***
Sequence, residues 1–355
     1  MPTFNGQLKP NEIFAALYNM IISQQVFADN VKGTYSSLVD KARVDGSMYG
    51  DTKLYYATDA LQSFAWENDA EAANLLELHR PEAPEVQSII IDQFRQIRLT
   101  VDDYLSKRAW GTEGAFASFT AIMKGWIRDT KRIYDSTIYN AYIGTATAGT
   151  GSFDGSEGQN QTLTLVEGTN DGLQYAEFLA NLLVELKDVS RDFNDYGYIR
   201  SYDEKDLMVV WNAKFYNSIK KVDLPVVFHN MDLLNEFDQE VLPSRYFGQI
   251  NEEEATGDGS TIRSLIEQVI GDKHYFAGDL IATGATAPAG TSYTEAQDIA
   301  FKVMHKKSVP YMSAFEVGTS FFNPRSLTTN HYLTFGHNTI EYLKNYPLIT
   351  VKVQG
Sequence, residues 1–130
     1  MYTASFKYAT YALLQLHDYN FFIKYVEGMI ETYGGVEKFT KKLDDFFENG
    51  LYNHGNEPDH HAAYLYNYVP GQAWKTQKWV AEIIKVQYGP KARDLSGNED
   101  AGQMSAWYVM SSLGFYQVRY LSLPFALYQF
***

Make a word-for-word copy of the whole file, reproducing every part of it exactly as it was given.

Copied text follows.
Sequence, residues 1–355
     1  MPTFNGQLKP NEIFAALYNM IISQQVFADN VKGTYSSLVD KARVDGSMYG
    51  DTKLYYATDA LQSFAWENDA EAANLLELHR PEAPEVQSII IDQFRQIRLT
   101  VDDYLSKRAW GTEGAFASFT AIMKGWIRDT KRIYDSTIYN AYIGTATAGT
   151  GSFDGSEGQN QTLTLVEGTN DGLQYAEFLA NLLVELKDVS RDFNDYGYIR
   201  SYDEKDLMVV WNAKFYNSIK KVDLPVVFHN MDLLNEFDQE VLPSRYFGQI
   251  NEEEATGDGS TIRSLIEQVI GDKHYFAGDL IATGATAPAG TSYTEAQDIA
   301  FKVMHKKSVP YMSAFEVGTS FFNPRSLTTN HYLTFGHNTI EYLKNYPLIT
   351  VKVQG
Sequence, residues 1–130
     1  MYTASFKYAT YALLQLHDYN FFIKYVEGMI ETYGGVEKFT KKLDDFFENG
    51  LYNHGNEPDH HAAYLYNYVP GQAWKTQKWV AEIIKVQYGP KARDLSGNED
   101  AGQMSAWYVM SSLGFYQVRY LSLPFALYQF